Early warning system for water quality passes first test

A milestone first run of a proposed national ‘weather service’ for Australian regional water quality has received a confident thumbs up from the national science agency, CSIRO.

The system is being hailed as the first stage in forecasting potentially dangerous downturns in water quality for rivers and coastal marine waters.

CSIRO’s AquaWatch, a proposed hi-tech ‘early warning’ system, aims to safeguard freshwater and coastal water resources in Australia.

The pilot scheme was put through its paces at South Australia’s Spencer Gulf, where it combined satellite images with sensor data from ocean buoys floating off the coast, and even enlisted help from an AI system.

The result? Real time water quality data from the ocean on scientists’ screens every 15 minutes.

The test was a pilot, but CSIRO says similar water quality sensors will eventually be located at 7 test sites around Australia, 3 on inland water bodies and 4 at coastal sites, including Spencer Gulf.

Dr Nagur Cherukuru, senior scientist for CSIRO’s Coastal and Oceanic Systems program and National Pilot Lead on AquaWatch, confirmed the pilot test of the system had produced “live” water quality data every 15 minutes.

Nagur Cherukuru

“We have implemented a technology where we provide real-time water quality measurements,” he says.

“The buoys are equipped with underwater sensors that measure dissolved oxygen, chlorophyll, temperature [and others] … and the satellite data gives a spatial description; for example, if there is a large eddy forming, then you would know the feature is moving.

“And for an algal bloom … AquaWatch will be able to tell how phyto-plankton is growing and give it a spatial description.”

The service will help industries such as aquaculture and coastal fish farming, CSIRO says.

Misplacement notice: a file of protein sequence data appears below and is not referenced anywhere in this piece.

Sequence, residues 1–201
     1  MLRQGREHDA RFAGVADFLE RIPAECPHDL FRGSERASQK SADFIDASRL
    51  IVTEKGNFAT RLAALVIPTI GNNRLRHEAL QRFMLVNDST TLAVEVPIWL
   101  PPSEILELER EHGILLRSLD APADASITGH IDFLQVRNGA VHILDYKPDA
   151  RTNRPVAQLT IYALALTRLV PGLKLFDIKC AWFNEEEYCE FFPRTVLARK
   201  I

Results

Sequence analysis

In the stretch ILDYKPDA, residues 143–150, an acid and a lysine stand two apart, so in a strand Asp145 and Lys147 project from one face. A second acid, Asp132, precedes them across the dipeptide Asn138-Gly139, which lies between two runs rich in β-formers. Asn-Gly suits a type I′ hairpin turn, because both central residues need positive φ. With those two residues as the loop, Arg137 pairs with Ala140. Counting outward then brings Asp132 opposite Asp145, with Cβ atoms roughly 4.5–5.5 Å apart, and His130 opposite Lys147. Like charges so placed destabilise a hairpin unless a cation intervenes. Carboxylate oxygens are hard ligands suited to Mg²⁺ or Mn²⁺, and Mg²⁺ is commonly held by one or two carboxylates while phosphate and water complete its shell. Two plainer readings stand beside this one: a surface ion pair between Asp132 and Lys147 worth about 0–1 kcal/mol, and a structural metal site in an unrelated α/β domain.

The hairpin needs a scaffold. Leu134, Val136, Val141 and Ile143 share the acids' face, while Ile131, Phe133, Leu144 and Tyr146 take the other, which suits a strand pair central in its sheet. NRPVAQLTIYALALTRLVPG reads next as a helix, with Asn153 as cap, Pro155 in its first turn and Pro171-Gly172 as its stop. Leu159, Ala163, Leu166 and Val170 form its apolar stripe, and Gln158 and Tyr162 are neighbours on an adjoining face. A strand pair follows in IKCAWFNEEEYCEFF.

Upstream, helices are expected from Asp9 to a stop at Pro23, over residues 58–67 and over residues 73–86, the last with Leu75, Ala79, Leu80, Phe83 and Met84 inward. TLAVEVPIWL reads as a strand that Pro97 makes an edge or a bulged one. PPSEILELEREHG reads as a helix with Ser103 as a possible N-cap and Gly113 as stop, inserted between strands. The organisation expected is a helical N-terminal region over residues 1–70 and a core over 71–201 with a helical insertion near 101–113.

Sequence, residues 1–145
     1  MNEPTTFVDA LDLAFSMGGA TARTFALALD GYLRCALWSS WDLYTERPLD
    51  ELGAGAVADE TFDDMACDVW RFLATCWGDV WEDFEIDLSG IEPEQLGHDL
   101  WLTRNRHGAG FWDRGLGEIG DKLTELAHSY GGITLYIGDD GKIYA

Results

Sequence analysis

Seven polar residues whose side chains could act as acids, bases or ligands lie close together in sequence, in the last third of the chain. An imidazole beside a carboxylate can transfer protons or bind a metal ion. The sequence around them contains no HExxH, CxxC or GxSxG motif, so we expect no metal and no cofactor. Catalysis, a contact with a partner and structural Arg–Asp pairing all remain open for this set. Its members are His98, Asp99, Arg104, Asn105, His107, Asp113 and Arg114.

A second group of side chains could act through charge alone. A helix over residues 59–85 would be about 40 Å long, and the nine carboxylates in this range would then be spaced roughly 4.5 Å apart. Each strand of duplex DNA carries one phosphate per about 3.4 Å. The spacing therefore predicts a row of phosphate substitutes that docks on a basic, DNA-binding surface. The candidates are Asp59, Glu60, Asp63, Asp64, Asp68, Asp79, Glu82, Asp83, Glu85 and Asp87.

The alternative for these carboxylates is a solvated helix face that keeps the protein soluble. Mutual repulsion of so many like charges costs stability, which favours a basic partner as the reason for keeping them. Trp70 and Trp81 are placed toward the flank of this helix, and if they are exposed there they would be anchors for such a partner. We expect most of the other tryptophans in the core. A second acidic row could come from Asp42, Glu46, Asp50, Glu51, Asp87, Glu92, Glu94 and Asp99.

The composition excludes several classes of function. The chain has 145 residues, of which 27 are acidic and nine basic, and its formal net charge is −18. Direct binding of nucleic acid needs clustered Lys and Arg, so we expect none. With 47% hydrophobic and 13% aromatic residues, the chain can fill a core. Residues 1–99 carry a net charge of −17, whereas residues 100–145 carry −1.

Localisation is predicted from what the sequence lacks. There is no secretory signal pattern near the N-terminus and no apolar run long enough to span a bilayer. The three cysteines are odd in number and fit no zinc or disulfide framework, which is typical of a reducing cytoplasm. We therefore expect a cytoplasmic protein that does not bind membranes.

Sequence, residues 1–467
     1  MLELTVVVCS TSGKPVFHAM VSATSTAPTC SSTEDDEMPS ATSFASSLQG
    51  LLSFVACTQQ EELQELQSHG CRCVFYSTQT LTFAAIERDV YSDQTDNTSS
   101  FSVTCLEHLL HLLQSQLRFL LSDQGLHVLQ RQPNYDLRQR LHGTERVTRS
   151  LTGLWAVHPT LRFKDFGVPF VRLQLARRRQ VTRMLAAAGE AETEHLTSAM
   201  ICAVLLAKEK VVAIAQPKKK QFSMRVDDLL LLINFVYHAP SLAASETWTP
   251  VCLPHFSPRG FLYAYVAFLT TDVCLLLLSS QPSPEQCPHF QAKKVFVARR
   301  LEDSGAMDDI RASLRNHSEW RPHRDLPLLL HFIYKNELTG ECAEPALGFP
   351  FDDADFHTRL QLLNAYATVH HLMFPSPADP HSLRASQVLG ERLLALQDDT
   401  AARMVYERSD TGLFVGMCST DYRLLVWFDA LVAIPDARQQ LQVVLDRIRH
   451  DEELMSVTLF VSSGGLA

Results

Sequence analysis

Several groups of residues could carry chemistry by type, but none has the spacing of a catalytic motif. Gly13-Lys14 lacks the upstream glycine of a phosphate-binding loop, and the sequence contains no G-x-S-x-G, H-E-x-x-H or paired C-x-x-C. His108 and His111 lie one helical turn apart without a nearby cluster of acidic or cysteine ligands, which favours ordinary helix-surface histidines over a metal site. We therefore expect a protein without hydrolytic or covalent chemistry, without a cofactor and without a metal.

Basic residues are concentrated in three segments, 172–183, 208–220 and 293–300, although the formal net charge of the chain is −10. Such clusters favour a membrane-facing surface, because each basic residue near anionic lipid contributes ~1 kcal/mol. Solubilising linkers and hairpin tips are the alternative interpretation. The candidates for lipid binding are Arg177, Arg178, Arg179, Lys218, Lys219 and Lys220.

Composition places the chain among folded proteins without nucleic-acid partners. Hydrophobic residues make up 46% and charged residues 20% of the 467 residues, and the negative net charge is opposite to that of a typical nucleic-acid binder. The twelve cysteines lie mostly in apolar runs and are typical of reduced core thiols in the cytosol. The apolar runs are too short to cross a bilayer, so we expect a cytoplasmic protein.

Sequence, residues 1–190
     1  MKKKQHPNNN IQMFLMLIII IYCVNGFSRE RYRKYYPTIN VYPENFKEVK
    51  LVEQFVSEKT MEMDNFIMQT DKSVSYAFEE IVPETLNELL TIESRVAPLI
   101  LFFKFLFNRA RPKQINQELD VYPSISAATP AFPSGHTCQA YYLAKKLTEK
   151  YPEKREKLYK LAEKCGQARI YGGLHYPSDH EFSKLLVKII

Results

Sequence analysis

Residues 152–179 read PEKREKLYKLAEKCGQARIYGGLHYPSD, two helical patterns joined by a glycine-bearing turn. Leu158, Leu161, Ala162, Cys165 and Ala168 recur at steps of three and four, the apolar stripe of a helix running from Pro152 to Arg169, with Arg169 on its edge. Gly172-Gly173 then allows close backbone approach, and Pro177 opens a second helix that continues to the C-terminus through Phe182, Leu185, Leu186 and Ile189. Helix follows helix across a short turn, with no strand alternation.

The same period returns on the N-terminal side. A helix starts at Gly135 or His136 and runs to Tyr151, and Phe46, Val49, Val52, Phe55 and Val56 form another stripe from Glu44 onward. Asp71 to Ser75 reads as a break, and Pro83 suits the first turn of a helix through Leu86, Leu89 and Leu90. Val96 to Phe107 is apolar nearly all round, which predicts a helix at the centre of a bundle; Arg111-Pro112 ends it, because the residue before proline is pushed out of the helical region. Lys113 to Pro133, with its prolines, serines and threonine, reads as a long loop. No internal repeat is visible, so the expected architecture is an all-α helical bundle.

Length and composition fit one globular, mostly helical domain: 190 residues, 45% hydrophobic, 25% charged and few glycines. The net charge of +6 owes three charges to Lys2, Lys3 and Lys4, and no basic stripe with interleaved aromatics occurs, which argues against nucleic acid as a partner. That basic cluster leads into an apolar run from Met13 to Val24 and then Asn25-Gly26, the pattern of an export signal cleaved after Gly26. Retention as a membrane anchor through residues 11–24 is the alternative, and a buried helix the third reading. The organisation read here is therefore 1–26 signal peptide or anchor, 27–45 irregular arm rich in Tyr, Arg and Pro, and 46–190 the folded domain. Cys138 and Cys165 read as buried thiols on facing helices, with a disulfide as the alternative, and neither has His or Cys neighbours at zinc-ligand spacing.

Rising global demand for seafood has meant aquaculture is now Australia’s fastest growing livestock industry, with 9% growth per year and tipped to reach $2 billion by 2027.

Key commercial species include Southern Bluefin Tuna, Yellowtail Kingfish, barramundi, oysters, mussels and abalone.

In 2021-22, the South Australian aquaculture industry contributed more than half of the State’s seafood output, worth $238 million.

Background: Water quality project kicks off

CSIRO’s Aquawatch lead Dr Alex Held says the new system will be able to monitor around fish farms to warn of phenomena like algal or phytoplankton blooms.

Alex Held

“Algal blooms can be natural, and tend to float by aquaculture farms,” says Held. “They can get called red tides, because there is a phytoplankton species with a pigment that makes them look red.

“They can get into the gills of the fish and do  a lot of harm and certain toxins can damage the quality of the fish.”

Predicting such blooms would help the industry, he says.

“But also [help the] the community, because red tides are also potentially nasty for people swimming at the beach.”

Held says the next phase of AquaWatch is to be able to forecast 2 or 3 days into the future.

That way fish farms or other groups can make decisions about what to do: Move their fish farms out of the way? Harvest early?

Spencer Gulf is a milestone, he says: “Getting an operational buoy into important water bodies in the coast of Australia, the seafood basket in this case.”

“2 or 3 years after 2026, we will have the whole country covered.”

Our Cosmos Country podcast team of Marie Low and Jamie Seidel spoke to Dr Held about the water quality monitoring project. Listen below.

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